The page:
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Coffee during pregnancy linked with shorter, fatter children

Previous studies have found a link between coffee and low birth weight.

Previous studies have found a link between coffee and low birth weight. Photo: Getty

That fresh cup of coffee might be a neat pick-me-up, but for pregnant women it’s a downer, as far as science is concerned.

Drinking coffee during pregnancy has been linked with having fatter children, low birth weight, changes in a baby’s brain structure and subsequent behavioural issues, and risk of miscarriage.

And now, analysis from the US National Institute of Child Health and Human Development has found that even a small amount of coffee may lead to having shorter children.

The height difference became more pronounced over four years, from the ages of four to eight.

It’s unknown if these height differences are harmful.

How did they find this?

The researchers analysed blood samples from more than 2400 pregnant women in two previous studies, using concentrations of caffeine and its metabolite paraxanthine to determine how much coffee the women were drinking.

They then looked for correlations between caffeine consumption and child height, weight, body mass index (BMI) and obesity risk.

Child height was the only measure to show a consistent pattern in both study populations.

How much shorter?

Among 788 children in the Environmental Influences on Child Health Outcomes (ECHO) study, “those born to women who consumed the greatest amounts of caffeine were an average of 1.5 centimetres  shorter than those whose mothers had the lowest caffeine intake”.

On average, pregnant women in this study consumed less than 50 mg/day caffeine.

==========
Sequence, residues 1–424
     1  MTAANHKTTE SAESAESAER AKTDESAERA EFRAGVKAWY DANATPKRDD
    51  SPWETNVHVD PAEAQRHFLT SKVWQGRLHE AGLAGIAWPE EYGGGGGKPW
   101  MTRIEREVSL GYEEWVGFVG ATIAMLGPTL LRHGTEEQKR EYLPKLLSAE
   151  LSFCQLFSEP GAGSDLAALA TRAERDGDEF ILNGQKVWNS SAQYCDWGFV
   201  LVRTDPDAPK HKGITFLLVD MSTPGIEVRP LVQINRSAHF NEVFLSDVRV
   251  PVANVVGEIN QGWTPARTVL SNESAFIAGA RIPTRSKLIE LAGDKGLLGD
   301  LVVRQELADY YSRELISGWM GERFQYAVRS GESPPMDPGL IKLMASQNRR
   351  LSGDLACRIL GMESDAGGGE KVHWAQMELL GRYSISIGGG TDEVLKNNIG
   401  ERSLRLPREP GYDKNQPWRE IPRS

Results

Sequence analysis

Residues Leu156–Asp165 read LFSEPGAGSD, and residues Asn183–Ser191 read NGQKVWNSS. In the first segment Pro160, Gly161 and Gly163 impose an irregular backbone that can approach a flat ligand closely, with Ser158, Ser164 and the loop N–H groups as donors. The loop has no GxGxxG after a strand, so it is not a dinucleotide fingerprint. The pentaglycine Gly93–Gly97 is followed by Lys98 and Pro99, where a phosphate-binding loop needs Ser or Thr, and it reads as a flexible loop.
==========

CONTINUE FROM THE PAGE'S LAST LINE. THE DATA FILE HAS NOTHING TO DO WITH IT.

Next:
Child growth was measured once, at an average age of seven years.

Children participating in the Collaborative Perinatal Project (CPP), conducted in the 1960s and 1970s, were measured at regular intervals from birth to age eight.

This allowed researchers to track changes in height over time.

Beginning at age four, children of women who consumed the highest amounts of caffeine were shorter than those born to women in the lowest caffeine-consumption group.

This gap increased from 0.68cm at age four to 2.2cm at age eight.

Caffeine consumption among pregnant CPP participants averaged around 200 mg/day.

Dr Katherine Grantz, one of the study leaders, said: “Our findings suggest that even low caffeine intake during pregnancy can have long-term effects on child growth.”

But she noted that the height differences observed were small “and further research is needed to determine if these differences have any effects on child health”.

Does the study hold up?

The main criticism of this and other studies looking at coffee consumption by pregnant women and the potential effects this may have on their unborn children is that a persuasive causal relationship hasn’t been established.

The Science Media Centre has posted some more detailed analysis from Australian experts.

Dr Alex Polyakov, a clinical associate professor at the Faculty of Medicine, Dentistry and Health Sciences, University of Melbourne and consultant obstetrician, gynaecologist and fertility specialist at Melbourne IVF and the Royal Women’s Hospital, Melbourne, said:

“This study is just the latest in a very long list of retrospective studies which assess the association of coffee consumption in pregnancy with offspring’s anthropometric outcomes, such as weight and height.